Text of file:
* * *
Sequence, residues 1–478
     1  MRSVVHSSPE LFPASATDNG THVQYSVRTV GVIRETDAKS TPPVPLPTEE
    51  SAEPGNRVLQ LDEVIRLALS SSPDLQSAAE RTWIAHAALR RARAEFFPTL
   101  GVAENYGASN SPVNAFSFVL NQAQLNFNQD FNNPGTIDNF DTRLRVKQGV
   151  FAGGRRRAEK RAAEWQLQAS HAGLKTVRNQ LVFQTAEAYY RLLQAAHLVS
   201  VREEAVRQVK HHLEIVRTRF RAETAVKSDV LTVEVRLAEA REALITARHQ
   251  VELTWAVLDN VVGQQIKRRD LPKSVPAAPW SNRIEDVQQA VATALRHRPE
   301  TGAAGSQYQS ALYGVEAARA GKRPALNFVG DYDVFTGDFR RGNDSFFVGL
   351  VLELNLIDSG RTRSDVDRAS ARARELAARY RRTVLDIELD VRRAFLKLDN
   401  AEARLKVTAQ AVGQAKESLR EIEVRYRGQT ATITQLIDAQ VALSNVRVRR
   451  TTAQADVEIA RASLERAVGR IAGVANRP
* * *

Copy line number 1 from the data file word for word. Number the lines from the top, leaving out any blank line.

Sequence, residues 1–478